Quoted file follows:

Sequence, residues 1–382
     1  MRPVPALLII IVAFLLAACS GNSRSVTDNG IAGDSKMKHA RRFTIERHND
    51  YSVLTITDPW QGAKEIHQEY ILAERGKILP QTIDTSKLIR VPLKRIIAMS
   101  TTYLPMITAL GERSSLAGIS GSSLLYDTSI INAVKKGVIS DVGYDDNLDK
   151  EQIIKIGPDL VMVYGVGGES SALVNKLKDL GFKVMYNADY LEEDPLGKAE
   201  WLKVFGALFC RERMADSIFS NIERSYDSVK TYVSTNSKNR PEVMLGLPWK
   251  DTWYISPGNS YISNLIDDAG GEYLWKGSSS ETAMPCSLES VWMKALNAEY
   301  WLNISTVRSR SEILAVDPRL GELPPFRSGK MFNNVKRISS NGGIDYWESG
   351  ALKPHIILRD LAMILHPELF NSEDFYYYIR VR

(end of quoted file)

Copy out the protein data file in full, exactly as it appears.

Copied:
Sequence, residues 1–382
     1  MRPVPALLII IVAFLLAACS GNSRSVTDNG IAGDSKMKHA RRFTIERHND
    51  YSVLTITDPW QGAKEIHQEY ILAERGKILP QTIDTSKLIR VPLKRIIAMS
   101  TTYLPMITAL GERSSLAGIS GSSLLYDTSI INAVKKGVIS DVGYDDNLDK
   151  EQIIKIGPDL VMVYGVGGES SALVNKLKDL GFKVMYNADY LEEDPLGKAE
   201  WLKVFGALFC RERMADSIFS NIERSYDSVK TYVSTNSKNR PEVMLGLPWK
   251  DTWYISPGNS YISNLIDDAG GEYLWKGSSS ETAMPCSLES VWMKALNAEY
   301  WLNISTVRSR SEILAVDPRL GELPPFRSGK MFNNVKRISS NGGIDYWESG
   351  ALKPHIILRD LAMILHPELF NSEDFYYYIR VR